Moyo remembered as ‘ruthless’ Information Minister

via Moyo remembered as ‘ruthless’ Information Minister | SW Radio Africa by Alex Bell September 12, 2013

Jonathan Moyo has been remembered as a ‘ruthless’ and ‘merciless’ Information Minister, in the wake of Robert Mugabe’s decision to reappoint him to the same Ministry.

There continues to be a shocked and worried reaction from members of the media fraternity to the news that Moyo will once again be heading up the ministry that governs media practice.

He was previously the Information Minister in the ZANU PF government from 2000 to 2005. And during that time, there was a severe crackdown on media freedom, with Moyo drafting and implementing repressive legislation that saw journalists being victimised and arrested and independent media houses being forced to close.

The crackdown saw Moyo being dubbed Zimbabwe’s media ‘hangman’ and there is concern about what his return to the position means to the current media space.

Veteran broadcaster and reporter Tapfuma Machakaire was one of the many journalists who were victimised by Moyo during his last stint as Information Minister.

He told SW Radio Africa this week that he hopes Moyo will be different this time around, because “his assignment now is different from what it was is 2000.”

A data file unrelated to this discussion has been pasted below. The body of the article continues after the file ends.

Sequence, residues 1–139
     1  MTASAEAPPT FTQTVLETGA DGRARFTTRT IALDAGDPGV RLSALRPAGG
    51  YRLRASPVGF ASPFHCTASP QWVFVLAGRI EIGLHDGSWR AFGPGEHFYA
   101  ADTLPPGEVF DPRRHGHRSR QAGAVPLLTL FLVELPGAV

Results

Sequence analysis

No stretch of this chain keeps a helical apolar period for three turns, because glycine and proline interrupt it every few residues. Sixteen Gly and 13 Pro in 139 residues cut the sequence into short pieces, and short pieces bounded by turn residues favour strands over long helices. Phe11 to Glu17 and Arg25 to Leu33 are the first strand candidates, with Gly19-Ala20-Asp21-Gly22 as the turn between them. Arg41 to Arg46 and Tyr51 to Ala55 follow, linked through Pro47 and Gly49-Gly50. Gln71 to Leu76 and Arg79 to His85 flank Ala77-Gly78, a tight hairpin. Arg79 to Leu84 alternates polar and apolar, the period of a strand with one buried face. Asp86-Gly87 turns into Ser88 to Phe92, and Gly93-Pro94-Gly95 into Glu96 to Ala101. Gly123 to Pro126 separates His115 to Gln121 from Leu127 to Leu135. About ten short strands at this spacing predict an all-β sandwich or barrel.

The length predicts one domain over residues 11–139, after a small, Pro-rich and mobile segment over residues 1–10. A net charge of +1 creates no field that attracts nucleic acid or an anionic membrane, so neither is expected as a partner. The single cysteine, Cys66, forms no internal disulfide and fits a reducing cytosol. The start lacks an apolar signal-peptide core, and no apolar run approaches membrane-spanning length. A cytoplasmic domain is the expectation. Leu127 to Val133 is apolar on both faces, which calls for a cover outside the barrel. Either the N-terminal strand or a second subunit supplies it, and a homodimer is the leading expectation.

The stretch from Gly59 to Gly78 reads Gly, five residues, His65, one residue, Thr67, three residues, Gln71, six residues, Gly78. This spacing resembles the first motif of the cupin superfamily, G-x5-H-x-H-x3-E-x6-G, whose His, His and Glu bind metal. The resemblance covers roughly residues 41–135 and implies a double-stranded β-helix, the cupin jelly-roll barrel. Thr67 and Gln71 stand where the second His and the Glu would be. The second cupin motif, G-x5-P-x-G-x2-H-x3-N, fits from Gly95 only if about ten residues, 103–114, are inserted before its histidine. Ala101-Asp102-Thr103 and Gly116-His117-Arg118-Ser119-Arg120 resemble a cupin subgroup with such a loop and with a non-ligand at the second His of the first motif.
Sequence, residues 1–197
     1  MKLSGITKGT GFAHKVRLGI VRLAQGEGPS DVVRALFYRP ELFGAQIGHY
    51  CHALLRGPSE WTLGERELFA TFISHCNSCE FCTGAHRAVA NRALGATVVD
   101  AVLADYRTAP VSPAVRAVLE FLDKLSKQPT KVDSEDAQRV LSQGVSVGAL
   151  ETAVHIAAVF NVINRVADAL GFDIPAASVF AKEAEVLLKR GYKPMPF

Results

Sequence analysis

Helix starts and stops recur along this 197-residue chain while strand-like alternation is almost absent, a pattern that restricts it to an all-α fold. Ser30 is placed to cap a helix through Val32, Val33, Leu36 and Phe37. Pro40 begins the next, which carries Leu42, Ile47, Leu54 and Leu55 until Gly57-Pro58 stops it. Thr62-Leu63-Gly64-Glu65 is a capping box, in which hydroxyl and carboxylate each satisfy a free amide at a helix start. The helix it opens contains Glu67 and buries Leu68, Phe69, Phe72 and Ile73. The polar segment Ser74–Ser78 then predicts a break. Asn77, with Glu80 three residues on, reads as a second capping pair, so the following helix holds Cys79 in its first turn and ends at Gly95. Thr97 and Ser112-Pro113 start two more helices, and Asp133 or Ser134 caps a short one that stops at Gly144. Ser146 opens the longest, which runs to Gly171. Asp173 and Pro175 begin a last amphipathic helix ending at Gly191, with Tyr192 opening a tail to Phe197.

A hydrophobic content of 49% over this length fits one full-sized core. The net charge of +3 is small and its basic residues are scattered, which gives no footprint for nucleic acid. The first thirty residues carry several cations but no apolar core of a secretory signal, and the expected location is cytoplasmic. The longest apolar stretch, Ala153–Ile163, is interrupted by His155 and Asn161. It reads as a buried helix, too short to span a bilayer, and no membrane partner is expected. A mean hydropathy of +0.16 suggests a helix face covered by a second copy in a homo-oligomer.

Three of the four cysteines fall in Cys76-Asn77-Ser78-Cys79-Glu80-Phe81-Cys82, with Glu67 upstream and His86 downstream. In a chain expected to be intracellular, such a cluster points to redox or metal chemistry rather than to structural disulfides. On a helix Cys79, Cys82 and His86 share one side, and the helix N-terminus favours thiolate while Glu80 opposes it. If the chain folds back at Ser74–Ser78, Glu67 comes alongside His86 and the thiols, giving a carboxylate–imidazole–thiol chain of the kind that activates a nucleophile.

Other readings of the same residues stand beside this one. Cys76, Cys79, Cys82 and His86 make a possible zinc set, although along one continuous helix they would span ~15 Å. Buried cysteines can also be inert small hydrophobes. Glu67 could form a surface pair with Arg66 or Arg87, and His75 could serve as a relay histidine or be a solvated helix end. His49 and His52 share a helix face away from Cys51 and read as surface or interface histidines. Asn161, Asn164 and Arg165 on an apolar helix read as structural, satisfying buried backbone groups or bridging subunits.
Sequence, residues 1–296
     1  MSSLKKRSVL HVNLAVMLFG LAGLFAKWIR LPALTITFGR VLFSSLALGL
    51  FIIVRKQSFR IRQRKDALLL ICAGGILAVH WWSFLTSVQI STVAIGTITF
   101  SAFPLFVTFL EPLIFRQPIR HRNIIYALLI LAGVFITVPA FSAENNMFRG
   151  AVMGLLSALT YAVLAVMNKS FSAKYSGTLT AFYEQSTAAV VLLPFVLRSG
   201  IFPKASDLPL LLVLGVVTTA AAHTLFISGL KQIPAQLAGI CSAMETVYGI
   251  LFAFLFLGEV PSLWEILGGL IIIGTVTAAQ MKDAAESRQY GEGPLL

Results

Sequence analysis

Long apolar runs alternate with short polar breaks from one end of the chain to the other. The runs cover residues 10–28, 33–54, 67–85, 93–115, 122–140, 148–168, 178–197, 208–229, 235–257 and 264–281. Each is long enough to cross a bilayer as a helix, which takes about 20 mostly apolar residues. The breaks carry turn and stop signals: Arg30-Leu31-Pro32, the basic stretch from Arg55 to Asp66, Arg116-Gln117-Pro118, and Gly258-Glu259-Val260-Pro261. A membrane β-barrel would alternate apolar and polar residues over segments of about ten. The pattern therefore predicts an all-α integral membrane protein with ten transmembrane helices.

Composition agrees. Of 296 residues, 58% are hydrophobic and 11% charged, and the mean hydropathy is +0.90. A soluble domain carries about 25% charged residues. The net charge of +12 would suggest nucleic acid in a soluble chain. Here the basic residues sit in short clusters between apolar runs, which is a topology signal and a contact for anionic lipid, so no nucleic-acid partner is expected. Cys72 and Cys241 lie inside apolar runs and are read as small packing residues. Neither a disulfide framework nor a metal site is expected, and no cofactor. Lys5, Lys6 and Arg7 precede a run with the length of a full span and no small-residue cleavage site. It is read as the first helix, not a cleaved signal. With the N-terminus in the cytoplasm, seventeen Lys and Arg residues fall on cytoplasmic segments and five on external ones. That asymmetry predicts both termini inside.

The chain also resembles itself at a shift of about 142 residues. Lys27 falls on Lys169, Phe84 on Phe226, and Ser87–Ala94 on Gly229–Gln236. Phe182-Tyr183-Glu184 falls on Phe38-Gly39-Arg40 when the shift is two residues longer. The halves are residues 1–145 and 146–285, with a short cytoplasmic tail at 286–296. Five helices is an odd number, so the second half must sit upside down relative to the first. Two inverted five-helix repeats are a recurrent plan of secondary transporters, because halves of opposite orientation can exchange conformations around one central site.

“The media is likely to remind him of the ruthless approach he took and the effect he had on the whole media industry. So I don’t think we’ll see the same Jonathan Moyo now,” Machakaire said.

The journalist explained his experience as a target of Moyo’s media crackdown in 2001, describing the then Minister as ‘merciless’ and ‘ruthless’. Machakaire, who was a Chief Reporter and Producer with the ZBC at the time, found himself demoted and ultimately forced out of the state broadcaster as a result of a ‘feud’ with Moyo.

Moyo used his position as Information Minister to target Machakaire, who was reassigned as part of a restructuring exercise that Moyo undertook during his Ministerial term. Machakaire said that Moyo’s influence was responsible for the ‘crumbling’ of the ZBC.

“He showed me I was supposed to find my out (of the ZBC). I was reassigned but again I was harassed by my bosses. I was also told I had stolen a car and a camera, and it was all part of efforts to show me that I was no longer accepted there,” Machakaire said.

Moyo meanwhile has said that journalists have nothing to fear now that he is returning. Moyo told journalists gathered at State House on Wednesday, where the new Cabinet was being sworn in, that he is prepared to usher in a new dispensation.

“The one thing that I hope will be different is that you and us will work together very harmoniously… journalists have nothing to fear except fear itself,” said Moyo.

Moyo however made it clear that so-called ‘pirate’ radio stations broadcasting into Zimbabwe from the Diaspora, remain a thorn in his party’s side. He accused the stations, which include SW Radio Africa, of using “hostile propaganda,” and welcomed the regional SADC bloc’s call for the stations to be shut down.